Since the outbreak of coronavirus, cash has become taboo.
Many shops now don’t accept cash. Those who do, prefer you use card. And it seems everyone is insecure over the sudden change in etiquette. Nobody wants to make a mistake.
But should you be afraid of “coronavirus cash?” And if so, how can you protect yourself?
If nothing else, you should be more deliberate when holding cash. Don’t touch it unnecessarily. Use contactless payments wherever possible.
But also be aware of other places coronavirus might lurk.
Early in the outbreak, a study found coronavirus can live on cardboard for 24 hours, and on plastic for three days.
If your cash hasn’t been used for a while, the risk of infection is low. A card machine’s keypad is arguably much more dangerous. It has been touched constantly by hundreds of other people.
Cash is not necessarily your worst option.
Many central banks are taking radical measures to quarantine and disinfect cash.
The South Korean central bank even burned huge piles of banknotes, desperate to rid the nation of coronavirus cash.
However, The Bank of England has made no such plans. As it has stated:
“Like any other surface that large numbers of people come into contact with, notes can carry bacteria or viruses. However, the risk posed by handling a polymer note is no greater than touching any other common surface, such as handrails, doorknobs or credit cards.”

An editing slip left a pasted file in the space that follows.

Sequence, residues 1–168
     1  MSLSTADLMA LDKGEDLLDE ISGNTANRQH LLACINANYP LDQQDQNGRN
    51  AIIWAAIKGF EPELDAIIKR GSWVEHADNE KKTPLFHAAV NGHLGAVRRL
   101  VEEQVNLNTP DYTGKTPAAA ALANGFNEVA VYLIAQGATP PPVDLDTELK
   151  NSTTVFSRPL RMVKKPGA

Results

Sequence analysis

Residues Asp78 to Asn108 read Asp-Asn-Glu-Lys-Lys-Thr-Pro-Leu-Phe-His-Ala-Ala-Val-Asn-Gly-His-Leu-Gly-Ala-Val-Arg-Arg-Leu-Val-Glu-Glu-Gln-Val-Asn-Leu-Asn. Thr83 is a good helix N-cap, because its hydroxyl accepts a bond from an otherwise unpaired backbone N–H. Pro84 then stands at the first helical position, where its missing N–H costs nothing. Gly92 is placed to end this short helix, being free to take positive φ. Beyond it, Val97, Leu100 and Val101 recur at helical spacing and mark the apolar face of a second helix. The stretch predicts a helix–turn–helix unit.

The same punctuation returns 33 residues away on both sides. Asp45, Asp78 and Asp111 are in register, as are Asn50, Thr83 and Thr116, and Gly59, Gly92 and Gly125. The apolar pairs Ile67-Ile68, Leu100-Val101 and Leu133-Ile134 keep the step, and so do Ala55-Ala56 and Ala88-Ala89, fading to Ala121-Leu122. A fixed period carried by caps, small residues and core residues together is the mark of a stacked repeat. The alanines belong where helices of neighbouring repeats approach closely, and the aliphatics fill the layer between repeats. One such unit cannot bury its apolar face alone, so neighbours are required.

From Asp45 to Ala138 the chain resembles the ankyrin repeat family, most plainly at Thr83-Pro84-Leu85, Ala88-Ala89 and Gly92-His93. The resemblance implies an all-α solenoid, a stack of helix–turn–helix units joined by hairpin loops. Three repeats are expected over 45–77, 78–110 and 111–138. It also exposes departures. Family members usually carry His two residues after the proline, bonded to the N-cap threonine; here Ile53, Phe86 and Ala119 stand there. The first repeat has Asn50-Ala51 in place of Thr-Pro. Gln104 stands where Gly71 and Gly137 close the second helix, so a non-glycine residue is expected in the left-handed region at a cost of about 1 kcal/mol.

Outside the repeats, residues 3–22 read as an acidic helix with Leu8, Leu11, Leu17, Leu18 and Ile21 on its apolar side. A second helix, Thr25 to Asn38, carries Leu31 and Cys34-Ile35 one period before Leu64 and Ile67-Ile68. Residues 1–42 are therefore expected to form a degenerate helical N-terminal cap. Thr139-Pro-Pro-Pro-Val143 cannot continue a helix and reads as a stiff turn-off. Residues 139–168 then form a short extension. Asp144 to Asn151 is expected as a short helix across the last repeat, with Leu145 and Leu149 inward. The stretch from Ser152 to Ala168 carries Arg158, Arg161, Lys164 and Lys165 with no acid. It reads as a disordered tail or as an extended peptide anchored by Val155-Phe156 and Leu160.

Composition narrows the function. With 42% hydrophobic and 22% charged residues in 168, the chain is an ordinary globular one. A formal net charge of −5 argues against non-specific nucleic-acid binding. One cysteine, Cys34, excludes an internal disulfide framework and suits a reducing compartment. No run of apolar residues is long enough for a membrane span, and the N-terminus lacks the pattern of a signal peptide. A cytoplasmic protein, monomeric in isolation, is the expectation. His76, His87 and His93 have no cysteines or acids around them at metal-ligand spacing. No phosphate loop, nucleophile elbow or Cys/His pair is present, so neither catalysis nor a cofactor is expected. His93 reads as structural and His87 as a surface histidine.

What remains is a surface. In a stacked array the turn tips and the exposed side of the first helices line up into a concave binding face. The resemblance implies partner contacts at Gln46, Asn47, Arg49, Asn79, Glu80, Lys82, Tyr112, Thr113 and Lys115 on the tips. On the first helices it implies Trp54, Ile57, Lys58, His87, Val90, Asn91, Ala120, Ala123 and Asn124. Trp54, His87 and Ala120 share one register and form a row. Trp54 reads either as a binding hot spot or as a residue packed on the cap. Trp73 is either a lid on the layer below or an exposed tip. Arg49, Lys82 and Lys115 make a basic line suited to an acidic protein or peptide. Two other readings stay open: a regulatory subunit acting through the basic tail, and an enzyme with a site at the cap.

In other words, cleaning cash is like throwing a deck chair off the Titanic. There are millions of other surfaces that pose the same threat.
The real difference comes down to you.
Coronavirus needs to enter your body somehow (usually through the nose or mouth). Be aware of your actions after handling cash. Wash your hands thoroughly. Or carry a hand-sanitizer while you’re out.
And please, don’t eat anything, or touch your face, until your hands are clean.
Even before coronavirus, cash was filthy.
These are always good habits to adopt.
Maybe coronavirus cash is the least of your worries?
After all, this illness has also infected our economy. Recession is now almost certain, and you might be wondering if your cash is safe in the bank.
Thankfully, there’s no good reason to draw out more cash than you need.
In the unlikely event of a banking collapse, the Financial Services Compensation Scheme (FSCS) insures up to £85,000 of your cash per authorised firm. Check to see if you’re covered at its website.
For most people, £85,000 is more than enough coverage.
And if you do need more, why hold so much cash?